In the meantime, I trust that God is leading me, and that only if I turn back in fear from the race that is set before me will I fail to receive the promised reward.

David Schütz

This exchange of letters became an opportunity for Cathy and I to frankly discuss our marriage, our previous marriages, the question of how we were going to raise the children, and the matter of communion. There is much more to discuss yet, but we touched on several topics:

1) I reiterated that I was committed to my marriage to her. If the Tribunal decides that my first marriage was valid, then I will not regard myself any less married to Cathy, I will simply recognise that our marriage cannot be regarded as a sacramental marriage.

2) I will not continue to commune in the Lutheran church, even while I am awaiting a decision from the tribunal. Cathy was a bit taken aback by this. I think she thought that I would freely commune with her at St Paul's and that she would be able to receive communion with me in the Catholic Church. I tried to explain about "validity" of the sacrament, and how this was dependant upon the validity of the ordination of the celebrant.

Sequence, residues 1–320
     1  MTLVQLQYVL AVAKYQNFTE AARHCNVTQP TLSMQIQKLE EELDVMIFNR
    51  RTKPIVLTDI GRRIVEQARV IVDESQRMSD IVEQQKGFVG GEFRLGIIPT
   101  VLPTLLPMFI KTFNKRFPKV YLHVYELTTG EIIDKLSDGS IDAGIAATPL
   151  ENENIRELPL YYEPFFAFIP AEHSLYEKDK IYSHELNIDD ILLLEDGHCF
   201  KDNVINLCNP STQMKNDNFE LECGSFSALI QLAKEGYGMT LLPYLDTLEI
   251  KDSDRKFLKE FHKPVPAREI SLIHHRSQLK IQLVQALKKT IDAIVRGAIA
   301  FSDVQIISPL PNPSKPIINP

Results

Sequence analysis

3) I will not begrudge her or the church if the annulment is not granted, and I will live as a non-communing Catholic. I will regard God as having given me an inestimable blessing in Cathy and my children for which I will be ever thankful, even if I cannot have the privilege of receiving communion

4) It is natural that I should want to share my faith with my children, and so have them grow up with a love for the Catholic church. At the same time, I want them to grow up knowing the best from the Lutheran tradition also. I do not now want to set in concrete any promises such as "we will bring them up Catholic/Lutheran", because I believe that Cathy needs time to get to know the Catholic Church also. There is prejudice there that is not her fault, and she wants to learn more about this "new" faith of mine. Her feelings with regard to how the children are raised may change. For now, she is just struggling to come to terms with the fact that I include the Hail Mary with the Our Father and the Creed when I pray with Maddy.